The report makes some worthwhile suggestions about the designation process. For example, it recommends that FSOC notify companies earlier in the process, so that they can take measures to address FSOC’s concerns and avoid SIFI designation entirely. Of course, to assume that addressing these issues is a good thing is to assume that FSOC has correctly identified problems in the first place. And that may be a big assumption.

The report also recommends that FSOC “should only designate a company if the expected benefits to financial stability from Federal Reserve supervision and enhanced prudential standards outweigh the costs that designation would impose.” This is a good recommendation but I’m fairly disheartened that it’s one that must be made. Should regulators need to be told that they should only act to make things better, not worse?

Then there’s the report’s recommendation that, before making a SIFI designation, FSOC should consider whether a company is actually likely to face financial trouble: “Material financial distress at a nonbank financial company does not pose a threat to U.S. financial stability if the company will not experience material financial distress.” Indeed: things that do not happen rarely cause distress. Again, I’m disappointed this must be explicitly stated.

It might be less distressing if the report had simply failed to mention the risk that SIFI designation could give rise to more bailouts. That would leave open the possibility that alerting Treasury staff to this danger would spur some action. Instead, the report’s authors, aware of the risk and explicitly stating the need to address it, offer no explanation of how that might be accomplished.

The bottom line is that there is probably no way for the government to designate firms as “systemically important” without simultaneously creating the guarantee of bailouts later on, should the need arise. As has been argued in several other places, the SIFI designation process not only fails in Dodd-Frank’s stated mission of ending “too big to fail,” but explicitly enshrines it in law.

The FSOC itself need not be disbanded, but if we’re serious about eliminating taxpayer-funded bailouts — and I hope we are — its power to name SIFIs should end.

  • "The FSOC itself need not be disbanded, but if we’re serious about eliminating taxpayer-funded bailouts — and I hope we are — its power to name SIFIs should end."

    Of course the FSOC itself should be disbanded, along with the entire regulatory superstructure, financial services and otherwise. All of them in one form or another could be converted in to private SROs and paid for on a voluntary dues or premium basis, to provide internal compliance and/or "bail-out" insurance.

    As long as we are making arguments in form, not substance, over the principle of the matter, we will, and actually deserve to, be ignored. Policy advice directed at national or state government regulators, like advancing arguments pertaining to rules versus discretion or tax policy, is akin to to advising a burglar on, well, burglaries.

    You may as well invite Brink Lindsey over to Alt-M so he can expound further on the morality of violently defending theft and privilege, but as specifically applied to money and banking.

  • Ray Lopez

    Poorly written article by the author, assumes facts known to specialists, and makes assumptions. For background, go here: https://en.wikipedia.org/wiki/Systemically_important_financial_institution note that de facto anybody in the US financial space knows which institutions are "too big to fail" (SIFI). Apparently what the author is complaining about are institutions in the 'grey area', not the big banks, that may or may not be SIFI and are causing potential moral hazard. In any event, FDIC/deposit insurance is the real culprit behind debt vs equity imbalances, as well as the US tax code IMO. Even with low deposit insurance however, there's an implicit understanding the government will step in and socialize debt. In Greece, when banks collapsed in 2008 onwards, the government retroactively increased deposit insurance from well below $100k to well above it. The socialization of credit.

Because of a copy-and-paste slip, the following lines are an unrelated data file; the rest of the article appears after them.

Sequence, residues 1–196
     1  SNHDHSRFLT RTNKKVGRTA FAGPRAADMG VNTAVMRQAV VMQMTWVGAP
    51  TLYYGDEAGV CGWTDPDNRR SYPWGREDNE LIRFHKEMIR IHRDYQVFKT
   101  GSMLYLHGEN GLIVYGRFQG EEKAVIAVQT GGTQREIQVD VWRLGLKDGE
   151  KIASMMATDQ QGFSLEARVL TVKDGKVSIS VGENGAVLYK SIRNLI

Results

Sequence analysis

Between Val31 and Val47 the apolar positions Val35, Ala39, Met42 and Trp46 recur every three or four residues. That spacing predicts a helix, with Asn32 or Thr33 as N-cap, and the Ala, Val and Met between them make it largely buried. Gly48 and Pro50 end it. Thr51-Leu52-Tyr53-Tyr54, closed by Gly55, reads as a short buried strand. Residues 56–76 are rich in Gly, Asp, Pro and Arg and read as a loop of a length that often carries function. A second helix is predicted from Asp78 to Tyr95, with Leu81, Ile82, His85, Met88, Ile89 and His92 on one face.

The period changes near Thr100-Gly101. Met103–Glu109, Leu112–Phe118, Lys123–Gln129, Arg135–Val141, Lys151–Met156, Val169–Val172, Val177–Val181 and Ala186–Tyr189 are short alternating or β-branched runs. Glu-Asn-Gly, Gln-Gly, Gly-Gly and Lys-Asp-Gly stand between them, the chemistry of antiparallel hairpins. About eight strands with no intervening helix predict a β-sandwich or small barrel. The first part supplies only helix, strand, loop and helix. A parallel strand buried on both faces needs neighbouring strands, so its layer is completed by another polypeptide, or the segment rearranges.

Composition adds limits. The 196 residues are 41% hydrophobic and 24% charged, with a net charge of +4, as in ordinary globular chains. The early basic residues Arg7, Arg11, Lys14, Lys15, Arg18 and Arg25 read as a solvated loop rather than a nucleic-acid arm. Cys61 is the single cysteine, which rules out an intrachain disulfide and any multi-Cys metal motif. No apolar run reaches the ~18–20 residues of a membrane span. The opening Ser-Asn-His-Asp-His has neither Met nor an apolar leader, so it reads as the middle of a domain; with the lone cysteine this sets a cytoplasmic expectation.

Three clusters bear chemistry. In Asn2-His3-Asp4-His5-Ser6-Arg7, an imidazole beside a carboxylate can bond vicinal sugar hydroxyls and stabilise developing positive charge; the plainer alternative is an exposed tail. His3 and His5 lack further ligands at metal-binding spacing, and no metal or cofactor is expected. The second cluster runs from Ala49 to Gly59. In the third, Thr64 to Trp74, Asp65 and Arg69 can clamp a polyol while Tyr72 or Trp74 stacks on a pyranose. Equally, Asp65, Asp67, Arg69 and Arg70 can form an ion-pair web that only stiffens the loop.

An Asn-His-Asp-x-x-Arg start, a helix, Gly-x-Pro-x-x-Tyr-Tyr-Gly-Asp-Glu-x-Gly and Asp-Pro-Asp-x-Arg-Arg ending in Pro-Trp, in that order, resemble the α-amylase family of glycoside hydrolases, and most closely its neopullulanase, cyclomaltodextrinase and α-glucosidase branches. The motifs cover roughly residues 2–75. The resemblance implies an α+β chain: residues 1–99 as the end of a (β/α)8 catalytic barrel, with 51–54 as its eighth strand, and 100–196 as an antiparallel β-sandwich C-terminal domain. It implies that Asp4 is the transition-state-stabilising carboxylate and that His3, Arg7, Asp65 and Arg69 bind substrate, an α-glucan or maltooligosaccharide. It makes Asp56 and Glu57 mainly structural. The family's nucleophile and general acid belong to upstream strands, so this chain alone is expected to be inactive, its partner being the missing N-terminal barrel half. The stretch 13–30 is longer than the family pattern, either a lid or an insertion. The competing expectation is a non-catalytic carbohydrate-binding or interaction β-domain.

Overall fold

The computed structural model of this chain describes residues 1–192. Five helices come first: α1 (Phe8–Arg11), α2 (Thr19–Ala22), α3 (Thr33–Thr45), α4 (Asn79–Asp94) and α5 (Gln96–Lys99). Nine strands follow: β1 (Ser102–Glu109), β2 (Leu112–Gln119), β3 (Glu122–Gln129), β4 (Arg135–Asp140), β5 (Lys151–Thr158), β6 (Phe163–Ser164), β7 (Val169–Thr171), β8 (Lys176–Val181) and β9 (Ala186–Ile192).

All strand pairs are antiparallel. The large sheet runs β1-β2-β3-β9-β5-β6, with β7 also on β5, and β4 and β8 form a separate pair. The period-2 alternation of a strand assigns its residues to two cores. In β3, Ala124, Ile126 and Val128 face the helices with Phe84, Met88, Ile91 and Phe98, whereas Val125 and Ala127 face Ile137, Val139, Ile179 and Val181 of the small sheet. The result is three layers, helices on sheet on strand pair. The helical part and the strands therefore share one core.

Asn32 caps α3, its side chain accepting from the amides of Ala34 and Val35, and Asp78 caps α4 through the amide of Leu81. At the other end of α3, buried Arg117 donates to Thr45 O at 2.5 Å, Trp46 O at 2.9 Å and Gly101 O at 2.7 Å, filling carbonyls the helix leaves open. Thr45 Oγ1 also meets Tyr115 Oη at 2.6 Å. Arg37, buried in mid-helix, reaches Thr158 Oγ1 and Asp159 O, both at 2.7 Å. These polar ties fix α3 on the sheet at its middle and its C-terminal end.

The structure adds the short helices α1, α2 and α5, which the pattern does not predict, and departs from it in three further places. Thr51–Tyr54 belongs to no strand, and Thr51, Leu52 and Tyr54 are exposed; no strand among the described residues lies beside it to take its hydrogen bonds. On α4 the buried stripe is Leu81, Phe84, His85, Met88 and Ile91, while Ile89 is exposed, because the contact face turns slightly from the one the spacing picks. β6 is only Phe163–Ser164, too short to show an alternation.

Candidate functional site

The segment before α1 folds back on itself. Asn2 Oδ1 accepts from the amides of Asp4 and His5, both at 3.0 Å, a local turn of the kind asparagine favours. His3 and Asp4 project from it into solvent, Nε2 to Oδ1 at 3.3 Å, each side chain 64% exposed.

• B Cole

    "A market expectation of such a rescue could cause inefficient investment decisions and increased risk-taking."—Knight.

    Depends. Suppose the federal government will "bail out" a large financial institution, but only after shareholders, then convertible bond holders and then bondholders lose everything?

    Say a large bank fails, and the shareholders lose everything, and then the feds step in and prop up the bank. That certainly sends a signal to shareholders in other banks they better have a good board in place making sure their bank does not fail.

    Some have suggested banks be required to carry a large layer of convertible bonds, which convert to equity in times of trouble. Likely, the convertible bondholders will take over the bank, and try to run it profitably.

    The last thing we need is ordinary depositors losing all their money.

    There is limited moral hazard to a federal bailout of a bank, if shareholders, convertible bondholders and then bondholders lose their money before the bailout.

  • Mattyoung

    The TBTF form an assembly line distributing government paper and regulations. The chain is sparse, and the whole line collapses if one of the four or five larger firms go.
    But it is worse. If either Goldman-Sachs or JPM stumbled, the senators would be in financial hysteria, unable to even function well. All of them rely on advisers from these firms.
    What would the debt advisory board discuss in their monthly meets if three of the members come from crashing investment banks?
    Reverse the causation. Government implied risk insurances are real liabilities, they are not moral hazards. Congress, Treasury and the major investment dealers are an organic whole, they fail or succeed en masse, moral hazard institutionalized.